10. Stan says:

    “It would make far more sense, in this case, to devote an additional $200 million into Pell Grants, the National Institutes for Health, the National Science Foundation or some other educational or research endeavor than giving Harvard more money that it won’t spend.”

    Look around the country. See how Governors Jindal, Walker, and Brownback treat their state university systems. Look at Walker’s attempt, abandoned after it become public, to define the University of Wisconsin as a trade school. Look at my own state of Michigan, where the Republican dominated state government now provides less than 20% of the University of Michigan’s operating budget. Look at the University of Virginia, which faces the same problem. And look at the effect of these budget cuts on tuition rates, and how this affects the efforts of low income kids to get a higher education.

    As it happens, I agree with Joyner’s call for more federal expenditures on higher education. But I see stuff like the passage I quoted above, and I wonder, once again, why somebody like James Joyner supports the Republican party.

  11. Tyrell says:

    @Stan: Yes and let’s not forget the huge power, influence, and control that Harvard has on this country: government, law (including the Supreme Court),
    economics, banking, and foreign affairs. This is inordinate and inappropriate. No one school should have that monopolistic kind of control.

    1
  12. alkali says:

    The argument that taxpayers are subsidizing this donation depends on a pretty aggressive definition of tax subsidy. On the one hand, if Congress enacts a $10,000 income tax credit for taxpayers who use the commenting pseudonym alkali, that’s very clearly a tax subsidy, and not any different than if Congress wrote me a check. But the fact that Congress didn’t enact a $100 taco tax does not mean that the government subsidized my lunch at Chipotle to the tune of $300. The charitable deduction is somewhere between those extremes, but it strikes me as pretty deeply embedded in the macro structure of the tax code.

    The problem here isn’t really that someone gave $400m to higher education. One can certainly imagine that money going to good use at a college or university. Rather, the problem is that Harvard is not making good use of its resources, which is a non-profit governance question and not a question of tax policy. The tax code may or may not be a useful vehicle for addressing those governance issues.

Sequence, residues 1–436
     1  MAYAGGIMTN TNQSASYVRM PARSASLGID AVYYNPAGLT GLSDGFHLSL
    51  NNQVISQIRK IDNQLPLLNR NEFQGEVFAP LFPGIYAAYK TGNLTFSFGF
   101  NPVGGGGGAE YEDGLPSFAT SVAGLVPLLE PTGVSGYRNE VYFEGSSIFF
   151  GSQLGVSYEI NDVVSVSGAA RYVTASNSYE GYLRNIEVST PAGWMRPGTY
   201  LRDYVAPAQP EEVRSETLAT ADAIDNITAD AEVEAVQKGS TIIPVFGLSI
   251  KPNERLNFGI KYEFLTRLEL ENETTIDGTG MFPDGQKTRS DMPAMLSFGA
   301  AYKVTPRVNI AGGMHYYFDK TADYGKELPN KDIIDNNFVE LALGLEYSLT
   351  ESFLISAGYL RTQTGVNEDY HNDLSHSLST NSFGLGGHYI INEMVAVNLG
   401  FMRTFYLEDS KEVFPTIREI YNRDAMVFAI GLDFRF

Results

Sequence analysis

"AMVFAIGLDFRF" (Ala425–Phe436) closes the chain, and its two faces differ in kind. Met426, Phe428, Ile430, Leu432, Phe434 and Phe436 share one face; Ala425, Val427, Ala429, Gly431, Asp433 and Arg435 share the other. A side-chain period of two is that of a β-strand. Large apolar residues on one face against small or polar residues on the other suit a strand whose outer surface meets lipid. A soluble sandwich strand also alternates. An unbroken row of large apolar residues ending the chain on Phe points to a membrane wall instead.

13. James Joyner says:

    @alkali: I don’t dispute that the charitable deduction is “pretty deeply embedded in the macro structure of the tax code.” So is the mortgage interest deduction. Both disproportionately—which is to say, effectively only—benefit the very well off. There’s not much of a chance of reversing either subsidy but we really ought consider it strongly.

  14. OzarkHillbilly says:

    @Hal_10000:

    To be fair,

    Sorry, I can’t be fair, just not in me. Every time I hear a conservative talk about a “job creator”, I think of Paulson. The SOB profited off the destruction of millions of jobs. He may well be necessary in the system we have now, but just saying so does not convince me that this is the system we need.

  15. grumpy realist says:

    You might as well bitch about why hospitals who only donate 1% of their services should be able to call themselves non-profits as well.

  16. Monala says:

    Nonprofits spend the overwhelming amount of their income on salaries, overhead, and other expenses unrelated to their core mission. With the possible exception of a relative handful of pure charities, most of them have only tangential public service value, instead supporting an agenda of the funders’ choosing. It’s not obvious why they’re not taxed, much less why donations to them are tax deductible.

    You want to qualify that some more? Most nonprofits are small, struggling organizations, particularly community based organizations whose mission is to address the needs of poorer communities. Very few are large, wealthy enterprises. And what they spend on salaries (outside of administrative salaries) is spending on their core mission. Who do you think is carrying out the core mission, if not the people the nonprofit is paying?

  17. James Joyner says:

    @Monala: I’m thinking mostly of the DC-based 501c3’s. Regardless, it’s not obvious to me why churches and other agenda-driven organizations should be taxed differently than other businesses.